Iain

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IRD comments on short term Christchurch rentals

Inland Revenue’s latest Business Tax Update reminds us people renting out houses in Christchurch short-term have to pay income tax on the rent, less deductions. It’s a pity they don’t mention GST because that’s more interesting.

The update is here: http://www.ird.govt.nz/aboutir/newsletters/business-tax-update/2014/btu-issue-057-11-14.html#06

An extract of the relevant section is quoted at the bottom of this post.

So, in a nutshell, if you own a house in Christchurch and someone rents it of you for, say, one month, fully furnished while their own home is repaired you have to declare the income from that and pay any income tax due. Not exactly a bombshell is it? Sure, a few people might genuinely be stunned by the revelation they have to pay income tax on income they receive from renting out their house, even for a short term. But my guess is for most people the Update might as well be telling them how to extract nutrient from eggs by suction.

The really interesting, and more contentious, point is how GST applies.

Providing residential accommodation in “dwellings” is not subject to GST. However, providing accommodation in “commercial dwellings” is subject to GST (assuming the registration threshold is satisfied).

A “dwelling” is a place the person occupies as their “principal place of residence” and excludes any “commercial dwelling”.

A “principal place of residence” is a place the person occupies as their “main residence for the period to which the agreement for the supply of accommodation relates”.

A “commercial dwelling” includes hotels, motels, boarding houses, hostels, B&B’s and similar premises.

If you rent a house out to someone for, say one month, fully furnished, while they have their own place repaired, are you providing anything more than accommodation that is similar to hotel or motel accommodation, i.e. short term furnished accommodation? Is the tenant occupying your place as their “main residence” during the rental period or is it secondary temporary accommodation while their “main residence” is repaired?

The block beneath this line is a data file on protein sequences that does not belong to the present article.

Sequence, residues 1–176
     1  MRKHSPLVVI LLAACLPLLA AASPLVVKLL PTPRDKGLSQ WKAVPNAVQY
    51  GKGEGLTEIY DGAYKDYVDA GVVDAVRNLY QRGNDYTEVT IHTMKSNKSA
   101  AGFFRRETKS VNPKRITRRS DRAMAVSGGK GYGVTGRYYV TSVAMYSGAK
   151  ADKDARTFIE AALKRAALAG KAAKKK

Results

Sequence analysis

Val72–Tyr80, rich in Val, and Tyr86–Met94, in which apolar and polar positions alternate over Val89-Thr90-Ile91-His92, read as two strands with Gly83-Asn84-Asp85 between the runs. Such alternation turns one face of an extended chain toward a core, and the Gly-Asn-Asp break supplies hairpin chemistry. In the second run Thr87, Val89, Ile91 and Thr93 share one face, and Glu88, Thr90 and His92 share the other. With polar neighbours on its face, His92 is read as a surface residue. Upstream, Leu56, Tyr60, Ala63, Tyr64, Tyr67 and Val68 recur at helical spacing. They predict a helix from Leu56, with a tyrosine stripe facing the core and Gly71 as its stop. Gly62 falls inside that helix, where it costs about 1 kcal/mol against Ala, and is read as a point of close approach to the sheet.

I think there is some doubt over how the GST Act applies in these situations. Sure, most will not be within the annual $60,000 GST registration threshold. However, some of the house owners may be registered for GST in their own right for other purposes, or may even wish to register for GST in relation to the temporary rental activity. Whether they should or can is unclear.

I’d like to see clarity on less obvious issues like these when the IRD is publishing notices telling taxpayers of their obligations.

Cheers

Iain

Extract from Business Tax Update November 2014

Renting out your own home short term

There’s a demand for temporary rental properties in Canterbury because of thousands of families needing accommodation while they wait for earthquake repairs on their homes. Some homeowners are meeting this need by offering furnished homes for short-term rental.

If you rent out your own home, even for a short time, any income you receive is liable for income tax, so you must include it in your tax return.

However, you can claim a deduction for any expenses you incur while your property is rented out. But you can only claim that proportion of ongoing costs for the time your property is rented out. For example, if you rent your home out for three months, you can claim the rates, insurance, interest and any agent’s fees you incurred during that period.

Find out more on what expenses you can claim”

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Taxing energy drinks unconstitutional

A recent decision in France has concluded a government tax on energy drinks contravenes the country’s constitution.

Under France’s tax laws a tax was imposed on energy drinks with at least 220 mg of caffeine per 1,000 ml.

The tax was challenged and the Constitutional Council was asked to rule.

The Council gave its decision on 19 September.

In its decision the Council indicates the goal of improving public health was the policy foundation for the tax and concludes it is acceptable, in pursuing that goal, to distinguish between drinks based on caffeine content.

However, in this case, some drinks which had higher caffeine levels than 220 mg per 1,000 ml were exempt from the tax because they weren’t “energy drinks”. This was a problem according to the Council because in effect drinks that were substantially the same in terms of caffeine content were not treated equally for tax purposes and this differential treatment was not justified.

Therefore, the Council ruled the tax is contrary to France’s Constitution.

The lesson for tax policy makers – it’s not what you do, it’s how you do it. The problem was created because caffeine was used as the determinant for imposing the tax. If a characteristic unique to “energy drinks” had been used instead then it’s possible a different outcome might have been reached.

Iain

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VAT and online sales

This is a very good item on the wider business implications of proposed changes in Europe to the VAT treatment of online digital media sales.

http://performance.ey.com/2014/02/20/vat-change-online-sales-just-tax-concern/

Cheers

Iain